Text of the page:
I first started photographing Latino farm workers in 2006, after I noticed several young Mexican men shopping at the Whiting General Store. Vermont is not very diverse and I wondered what these men were doing in the rural Green Mountain State. It turns out they were milking cows.
I teamed up with ESL and Spanish teacher Chris Urban, who knew many of the workers, and we created a multimedia exhibit called “The Golden Cage – Migrant Workers and Vermont Dairy Farmers”, with help from the late Greg Sharrow at the Vermont Folklife Center in Middlebury. The exhibit has toured the state, been published in Vermont Life and been shown at Senator Bernie Sander’s office in Washington, DC. It has helped raise awareness about how migrants play a crucial role in Vermont’s economy and about the need for immigration reform. The organization Migrant Justice was formed in 2009 in Burlington, Vermont and organizes for the economic justice and human rights of farm workers in Vermont.
An important contact for the project was Susan Veguez, who is friends with many of the migrant mothers and children. In 2008 I photographed her friend, Sami Santos Rincon, milking cows with her baby son Brian in a car seat cloaked in mosquito netting to protect from flies. Sami and Brian are now back in Mexico and Brian is thirteen years old.
Over the thirteen years since I have been working on this project, life moves on. I lost my brother Roger to cancer in 2009, which left a gaping hole in our family. We carried on, keeping him always in our memory. In 2013, our son was born prematurely at Dartmouth-Hitchcock Medical Center. He spent three months in the hospital before coming home. He is now a healthy and happy five-year old who loves building with Magna-Tiles and hiking to Silver Lake. I can only imagine what’s gone on in the lives of the farm workers I photographed. Many have returned to Mexico or other Central American countries. Some are still here in Addison County, adding to the economy and culture of Vermont.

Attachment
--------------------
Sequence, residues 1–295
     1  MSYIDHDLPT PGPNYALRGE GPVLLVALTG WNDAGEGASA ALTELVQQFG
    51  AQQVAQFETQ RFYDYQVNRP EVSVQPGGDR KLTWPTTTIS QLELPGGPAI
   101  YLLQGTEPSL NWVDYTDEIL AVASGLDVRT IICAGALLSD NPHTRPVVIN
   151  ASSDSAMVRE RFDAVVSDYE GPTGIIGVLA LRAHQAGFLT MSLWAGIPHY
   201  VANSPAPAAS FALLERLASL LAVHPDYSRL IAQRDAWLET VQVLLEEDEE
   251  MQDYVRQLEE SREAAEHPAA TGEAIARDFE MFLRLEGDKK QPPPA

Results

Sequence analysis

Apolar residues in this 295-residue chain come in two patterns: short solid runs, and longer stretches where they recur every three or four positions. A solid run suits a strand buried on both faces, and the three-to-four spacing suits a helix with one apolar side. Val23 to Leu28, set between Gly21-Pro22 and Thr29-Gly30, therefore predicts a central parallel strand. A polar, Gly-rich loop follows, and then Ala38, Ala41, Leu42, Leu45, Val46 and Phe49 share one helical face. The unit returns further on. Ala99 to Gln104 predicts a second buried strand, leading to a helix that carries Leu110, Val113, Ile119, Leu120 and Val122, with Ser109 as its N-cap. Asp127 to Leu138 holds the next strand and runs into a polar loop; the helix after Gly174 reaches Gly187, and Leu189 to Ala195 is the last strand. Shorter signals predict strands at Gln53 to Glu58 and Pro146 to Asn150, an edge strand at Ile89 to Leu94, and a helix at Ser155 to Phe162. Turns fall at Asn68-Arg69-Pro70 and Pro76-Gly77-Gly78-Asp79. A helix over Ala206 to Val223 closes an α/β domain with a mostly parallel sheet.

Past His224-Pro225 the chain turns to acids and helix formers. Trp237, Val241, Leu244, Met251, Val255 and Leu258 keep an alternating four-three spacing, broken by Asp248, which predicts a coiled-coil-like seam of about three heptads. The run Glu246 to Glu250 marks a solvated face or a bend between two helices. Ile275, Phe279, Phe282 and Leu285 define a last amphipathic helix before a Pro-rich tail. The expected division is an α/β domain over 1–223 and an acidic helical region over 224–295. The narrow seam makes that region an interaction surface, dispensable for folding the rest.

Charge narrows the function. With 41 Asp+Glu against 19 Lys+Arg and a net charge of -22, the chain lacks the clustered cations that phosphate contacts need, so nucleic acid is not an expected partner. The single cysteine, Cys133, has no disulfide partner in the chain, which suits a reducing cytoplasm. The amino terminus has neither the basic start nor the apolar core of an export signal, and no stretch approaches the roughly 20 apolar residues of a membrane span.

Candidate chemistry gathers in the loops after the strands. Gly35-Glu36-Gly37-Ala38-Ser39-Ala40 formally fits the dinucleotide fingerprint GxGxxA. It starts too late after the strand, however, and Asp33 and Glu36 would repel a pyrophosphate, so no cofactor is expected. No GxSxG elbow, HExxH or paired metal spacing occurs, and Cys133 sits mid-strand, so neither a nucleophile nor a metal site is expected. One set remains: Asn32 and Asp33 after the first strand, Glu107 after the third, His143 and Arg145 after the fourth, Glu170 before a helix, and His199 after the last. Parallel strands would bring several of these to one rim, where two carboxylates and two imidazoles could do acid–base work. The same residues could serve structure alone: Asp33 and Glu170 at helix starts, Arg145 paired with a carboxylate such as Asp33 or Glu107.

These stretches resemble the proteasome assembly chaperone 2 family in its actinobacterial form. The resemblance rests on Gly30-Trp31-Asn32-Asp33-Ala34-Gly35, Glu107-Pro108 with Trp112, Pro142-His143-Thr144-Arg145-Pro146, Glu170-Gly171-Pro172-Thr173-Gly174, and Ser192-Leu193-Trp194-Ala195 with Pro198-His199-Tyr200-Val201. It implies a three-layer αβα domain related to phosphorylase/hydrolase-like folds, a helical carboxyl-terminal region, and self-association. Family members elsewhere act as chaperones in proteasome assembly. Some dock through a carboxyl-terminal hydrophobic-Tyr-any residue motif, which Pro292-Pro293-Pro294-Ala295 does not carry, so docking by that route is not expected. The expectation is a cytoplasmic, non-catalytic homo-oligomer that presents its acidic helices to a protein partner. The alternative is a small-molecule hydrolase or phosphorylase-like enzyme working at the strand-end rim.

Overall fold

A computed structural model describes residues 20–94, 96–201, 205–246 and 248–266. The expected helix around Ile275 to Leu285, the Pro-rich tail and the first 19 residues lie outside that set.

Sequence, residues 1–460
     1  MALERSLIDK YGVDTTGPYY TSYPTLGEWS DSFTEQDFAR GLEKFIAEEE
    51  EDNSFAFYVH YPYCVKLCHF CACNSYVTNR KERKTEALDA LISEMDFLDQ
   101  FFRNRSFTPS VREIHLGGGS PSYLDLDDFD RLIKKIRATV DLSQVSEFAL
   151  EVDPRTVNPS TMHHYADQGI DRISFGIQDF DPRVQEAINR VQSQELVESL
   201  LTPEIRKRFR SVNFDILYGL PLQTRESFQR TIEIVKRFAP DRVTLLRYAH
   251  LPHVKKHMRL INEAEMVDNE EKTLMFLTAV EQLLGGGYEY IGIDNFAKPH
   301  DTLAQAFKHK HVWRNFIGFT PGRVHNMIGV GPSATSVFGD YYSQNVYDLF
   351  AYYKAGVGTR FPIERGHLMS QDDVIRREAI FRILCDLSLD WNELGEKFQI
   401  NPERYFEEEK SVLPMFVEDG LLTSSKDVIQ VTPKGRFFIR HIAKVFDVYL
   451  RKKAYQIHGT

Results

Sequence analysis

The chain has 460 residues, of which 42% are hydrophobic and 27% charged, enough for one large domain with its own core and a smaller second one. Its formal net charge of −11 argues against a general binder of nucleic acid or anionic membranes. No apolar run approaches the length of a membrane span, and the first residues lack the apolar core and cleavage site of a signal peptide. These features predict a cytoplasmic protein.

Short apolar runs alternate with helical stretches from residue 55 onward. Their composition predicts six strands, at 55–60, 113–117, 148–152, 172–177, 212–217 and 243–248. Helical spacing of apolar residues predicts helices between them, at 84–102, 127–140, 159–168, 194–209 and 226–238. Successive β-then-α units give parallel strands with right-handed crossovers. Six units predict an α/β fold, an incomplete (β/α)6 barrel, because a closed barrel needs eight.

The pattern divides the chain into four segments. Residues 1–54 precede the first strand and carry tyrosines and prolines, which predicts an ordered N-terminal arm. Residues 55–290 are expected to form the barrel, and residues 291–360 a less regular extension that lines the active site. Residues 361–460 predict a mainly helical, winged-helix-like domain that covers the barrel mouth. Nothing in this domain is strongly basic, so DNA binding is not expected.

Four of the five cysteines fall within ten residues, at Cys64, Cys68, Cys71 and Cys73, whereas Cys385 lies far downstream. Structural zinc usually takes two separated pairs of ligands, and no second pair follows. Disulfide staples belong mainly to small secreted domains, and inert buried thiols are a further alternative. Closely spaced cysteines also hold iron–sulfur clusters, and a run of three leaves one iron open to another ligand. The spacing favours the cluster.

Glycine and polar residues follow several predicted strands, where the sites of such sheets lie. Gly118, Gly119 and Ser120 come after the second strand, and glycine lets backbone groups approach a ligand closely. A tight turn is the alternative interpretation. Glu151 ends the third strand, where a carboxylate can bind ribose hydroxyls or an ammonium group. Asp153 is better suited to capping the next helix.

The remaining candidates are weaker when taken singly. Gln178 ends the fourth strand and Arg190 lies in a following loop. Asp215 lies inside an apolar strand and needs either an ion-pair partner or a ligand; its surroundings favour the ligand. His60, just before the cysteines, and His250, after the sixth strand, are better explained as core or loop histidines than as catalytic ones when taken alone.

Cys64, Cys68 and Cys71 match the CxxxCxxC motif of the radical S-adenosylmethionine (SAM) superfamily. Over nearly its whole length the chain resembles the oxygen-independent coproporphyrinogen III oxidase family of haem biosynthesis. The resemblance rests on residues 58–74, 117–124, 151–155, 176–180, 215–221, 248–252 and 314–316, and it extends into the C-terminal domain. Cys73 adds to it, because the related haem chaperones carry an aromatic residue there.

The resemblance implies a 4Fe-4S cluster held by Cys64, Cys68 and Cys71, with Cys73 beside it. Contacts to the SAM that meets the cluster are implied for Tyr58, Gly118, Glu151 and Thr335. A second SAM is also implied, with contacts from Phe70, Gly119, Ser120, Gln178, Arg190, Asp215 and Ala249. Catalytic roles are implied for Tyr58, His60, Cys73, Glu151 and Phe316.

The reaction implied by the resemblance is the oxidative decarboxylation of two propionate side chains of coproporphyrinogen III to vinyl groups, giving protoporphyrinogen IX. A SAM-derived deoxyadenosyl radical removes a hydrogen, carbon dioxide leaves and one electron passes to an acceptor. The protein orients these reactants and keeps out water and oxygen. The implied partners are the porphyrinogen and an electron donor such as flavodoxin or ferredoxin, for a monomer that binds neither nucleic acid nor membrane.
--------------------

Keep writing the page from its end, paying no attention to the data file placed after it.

I am grateful for photo editor Mary Vignoles for helping me create this new edit of my migrant worker project. As a photographer, you get attached to certain images for whatever reason, and it can be very helpful to get an outside perspective on editing a photo essay and making it stronger.
Most recently I made photos of migrant workers at the Vorsteveld farm in Panton, Vermont a few weeks ago for a cover story by Chelsea Edgar in Seven Days. I had been at the farm in 2015 for a New York Times story on migrant workers and had photographed Victor Diaz. Back then I did not meet the Vorsteveld brothers. But this time I did meet Hans, Rudy and Gerard Vorsteveld. It was great to come full circle and photograph the dairy farmers and the migrant workers, as a team, milking cows in the Vermont countryside every day of the year.